View Full Version : Ombudsman recommendation and USCIS reply

07-10-2007, 09:04 PM
In February 2007, the Ombudsman recommended that USCIS adopt a standard operating policy under which there would be, absent exigent circumstances, at least 30-days advance notice to the public and posting on the USCIS website of changes to policy and operations instructions. The Ombudsman has been and continues to be concerned about changes to USCIS policy and procedure without adequate notice to the public. Implementation of this recommendation would improve USCIS efficiency and customer service by: (1) helping to ensure that customers understand precisely what is expected and required in a submission; and (2) allowing USCIS to focus on adjudicating applications, rather than issuing time consuming rejections, denials, and RFEs when customers do not know what has changed.
On May 7, 2007, USCIS responded to this recommendation. USCIS stated that it has “increasingly been notifying the public of changes to policy and operating instructions whenever appropriate . . . [and] will continue to improve and expand on its efforts to provide public notice as a standard practice, absent exigent circumstances.”81 However, USCIS noted that in certain instances, it will put forth policy changes without any delay, and that “[m]aking the 30-day advance notice requirement for all policy or procedural changes will unnecessarily delay implementation of important changes.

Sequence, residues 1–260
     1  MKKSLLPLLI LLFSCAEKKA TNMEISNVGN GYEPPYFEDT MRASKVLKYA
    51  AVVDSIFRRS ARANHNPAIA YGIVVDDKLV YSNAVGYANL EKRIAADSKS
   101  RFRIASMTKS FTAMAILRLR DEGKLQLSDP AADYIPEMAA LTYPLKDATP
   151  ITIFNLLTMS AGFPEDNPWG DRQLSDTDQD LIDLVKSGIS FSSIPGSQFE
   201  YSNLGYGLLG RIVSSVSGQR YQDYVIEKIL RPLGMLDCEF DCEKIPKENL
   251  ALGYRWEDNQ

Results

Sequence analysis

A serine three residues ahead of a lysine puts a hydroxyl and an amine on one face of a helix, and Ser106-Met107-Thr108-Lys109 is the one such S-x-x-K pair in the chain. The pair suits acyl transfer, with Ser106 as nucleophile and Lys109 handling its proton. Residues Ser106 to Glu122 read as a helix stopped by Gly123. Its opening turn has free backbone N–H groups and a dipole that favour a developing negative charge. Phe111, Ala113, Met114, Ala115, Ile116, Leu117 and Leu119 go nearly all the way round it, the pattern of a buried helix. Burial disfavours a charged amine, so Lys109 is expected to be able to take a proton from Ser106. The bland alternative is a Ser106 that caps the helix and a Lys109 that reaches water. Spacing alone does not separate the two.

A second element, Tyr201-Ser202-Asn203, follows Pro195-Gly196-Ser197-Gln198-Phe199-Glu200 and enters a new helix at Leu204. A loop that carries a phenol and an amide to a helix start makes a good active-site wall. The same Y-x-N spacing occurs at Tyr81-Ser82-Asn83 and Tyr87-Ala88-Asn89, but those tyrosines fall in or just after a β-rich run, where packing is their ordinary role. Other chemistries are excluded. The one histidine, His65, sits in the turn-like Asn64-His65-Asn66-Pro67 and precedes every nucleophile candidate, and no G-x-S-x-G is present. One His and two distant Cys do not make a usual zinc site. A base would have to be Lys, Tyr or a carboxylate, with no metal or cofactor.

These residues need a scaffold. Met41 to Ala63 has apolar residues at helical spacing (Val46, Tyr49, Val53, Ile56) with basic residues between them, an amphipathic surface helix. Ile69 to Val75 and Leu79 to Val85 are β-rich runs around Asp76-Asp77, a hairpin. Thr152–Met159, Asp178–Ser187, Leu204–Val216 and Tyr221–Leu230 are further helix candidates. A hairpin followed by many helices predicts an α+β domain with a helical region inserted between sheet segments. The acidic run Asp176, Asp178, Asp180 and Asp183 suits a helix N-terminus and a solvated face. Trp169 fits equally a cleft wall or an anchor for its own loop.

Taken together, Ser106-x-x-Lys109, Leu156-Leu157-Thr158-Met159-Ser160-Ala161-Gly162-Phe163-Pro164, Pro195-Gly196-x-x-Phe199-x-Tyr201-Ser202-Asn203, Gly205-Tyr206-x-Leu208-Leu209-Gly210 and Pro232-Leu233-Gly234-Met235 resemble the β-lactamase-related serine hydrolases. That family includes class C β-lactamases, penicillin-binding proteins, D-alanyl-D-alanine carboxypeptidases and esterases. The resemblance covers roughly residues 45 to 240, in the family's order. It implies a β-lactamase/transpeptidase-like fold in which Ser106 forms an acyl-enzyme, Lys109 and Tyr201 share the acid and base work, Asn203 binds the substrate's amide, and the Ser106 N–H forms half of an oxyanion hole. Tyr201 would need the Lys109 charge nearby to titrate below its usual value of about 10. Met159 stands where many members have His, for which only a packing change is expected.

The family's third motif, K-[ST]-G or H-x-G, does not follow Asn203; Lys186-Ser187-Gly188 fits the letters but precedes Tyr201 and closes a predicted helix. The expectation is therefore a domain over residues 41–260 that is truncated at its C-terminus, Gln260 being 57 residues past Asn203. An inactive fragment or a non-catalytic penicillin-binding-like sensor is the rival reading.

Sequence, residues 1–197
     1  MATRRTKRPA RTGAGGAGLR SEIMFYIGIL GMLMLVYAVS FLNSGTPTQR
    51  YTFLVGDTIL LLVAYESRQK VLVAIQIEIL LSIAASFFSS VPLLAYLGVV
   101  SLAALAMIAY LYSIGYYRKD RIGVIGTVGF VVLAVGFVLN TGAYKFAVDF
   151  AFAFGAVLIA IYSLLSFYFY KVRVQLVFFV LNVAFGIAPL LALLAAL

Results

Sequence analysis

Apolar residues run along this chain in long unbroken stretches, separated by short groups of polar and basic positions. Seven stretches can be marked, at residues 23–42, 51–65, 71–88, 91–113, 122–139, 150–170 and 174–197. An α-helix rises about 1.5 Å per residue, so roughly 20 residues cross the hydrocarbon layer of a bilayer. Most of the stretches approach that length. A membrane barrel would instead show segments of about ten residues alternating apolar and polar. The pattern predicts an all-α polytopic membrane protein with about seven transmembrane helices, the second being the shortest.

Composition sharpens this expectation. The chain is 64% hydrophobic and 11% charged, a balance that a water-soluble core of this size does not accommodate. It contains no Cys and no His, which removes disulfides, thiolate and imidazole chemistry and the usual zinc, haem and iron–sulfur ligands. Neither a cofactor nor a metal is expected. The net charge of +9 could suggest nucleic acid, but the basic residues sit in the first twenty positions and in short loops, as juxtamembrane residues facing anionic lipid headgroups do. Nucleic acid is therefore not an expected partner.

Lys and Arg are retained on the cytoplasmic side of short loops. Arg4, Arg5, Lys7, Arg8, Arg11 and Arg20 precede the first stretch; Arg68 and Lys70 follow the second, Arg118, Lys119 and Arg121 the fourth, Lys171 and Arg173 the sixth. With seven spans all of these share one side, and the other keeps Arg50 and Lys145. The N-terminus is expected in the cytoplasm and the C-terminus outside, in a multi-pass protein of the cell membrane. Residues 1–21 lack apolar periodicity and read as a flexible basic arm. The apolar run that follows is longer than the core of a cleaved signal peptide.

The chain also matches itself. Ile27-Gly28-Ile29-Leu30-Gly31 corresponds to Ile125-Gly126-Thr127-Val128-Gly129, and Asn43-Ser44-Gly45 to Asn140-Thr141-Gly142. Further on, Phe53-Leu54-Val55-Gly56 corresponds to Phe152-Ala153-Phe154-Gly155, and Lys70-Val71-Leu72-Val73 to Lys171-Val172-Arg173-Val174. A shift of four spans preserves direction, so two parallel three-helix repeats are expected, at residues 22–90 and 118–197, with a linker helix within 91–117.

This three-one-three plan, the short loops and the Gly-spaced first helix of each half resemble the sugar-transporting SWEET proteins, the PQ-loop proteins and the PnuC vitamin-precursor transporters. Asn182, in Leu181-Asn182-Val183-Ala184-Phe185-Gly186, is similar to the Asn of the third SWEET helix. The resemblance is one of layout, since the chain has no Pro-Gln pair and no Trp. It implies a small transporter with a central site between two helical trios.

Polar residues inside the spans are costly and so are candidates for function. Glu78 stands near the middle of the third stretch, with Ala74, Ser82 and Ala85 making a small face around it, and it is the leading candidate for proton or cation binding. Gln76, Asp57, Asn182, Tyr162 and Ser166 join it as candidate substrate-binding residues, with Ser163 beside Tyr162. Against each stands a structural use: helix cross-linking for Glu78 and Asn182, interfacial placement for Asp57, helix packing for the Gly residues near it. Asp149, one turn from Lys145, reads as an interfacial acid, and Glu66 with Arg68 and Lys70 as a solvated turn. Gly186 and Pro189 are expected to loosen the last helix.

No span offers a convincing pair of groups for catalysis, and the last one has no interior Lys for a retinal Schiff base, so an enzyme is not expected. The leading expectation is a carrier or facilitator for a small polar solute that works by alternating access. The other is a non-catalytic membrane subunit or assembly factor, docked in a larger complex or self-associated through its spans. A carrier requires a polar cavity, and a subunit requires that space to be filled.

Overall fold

Go to Page 107 and you can see the same

07-10-2007, 09:12 PM
USCIS is not even able to give 30 min advance notice. 30 days will be too much for USCIS.

07-10-2007, 10:25 PM
USCIS is not even able to give 30 min advance notice. 30 days will be too much for USCIS.

good one :p

07-11-2007, 01:41 AM
good info read

07-11-2007, 02:08 AM
Tell me if I'm wrong somewhere:
A) Acceptance of I-485 without an available visa number requires congressional intervention, not administrative decree by USCIS.
B) The issue here is not whether USCIS, if they do reject and send back I-485's based on DOS's notice of availability of visa numbers, are technically correct in that action or not, but whether they gave "Fair and sufficient" notice of it.
C) Are the ways and methods of calculating 'available' visa numbers correct and bona fide.
The AILF lawsuit focuses on points B and C. If proven "at fault" by the court, the issue is whether it can, within the parameters of the constitution and the written law, force an over ride of point A, and how.
Is this the issue in a nutshell?
I've heard and read many conflicting takes on this, so wanted to clarify this for my enlightenment..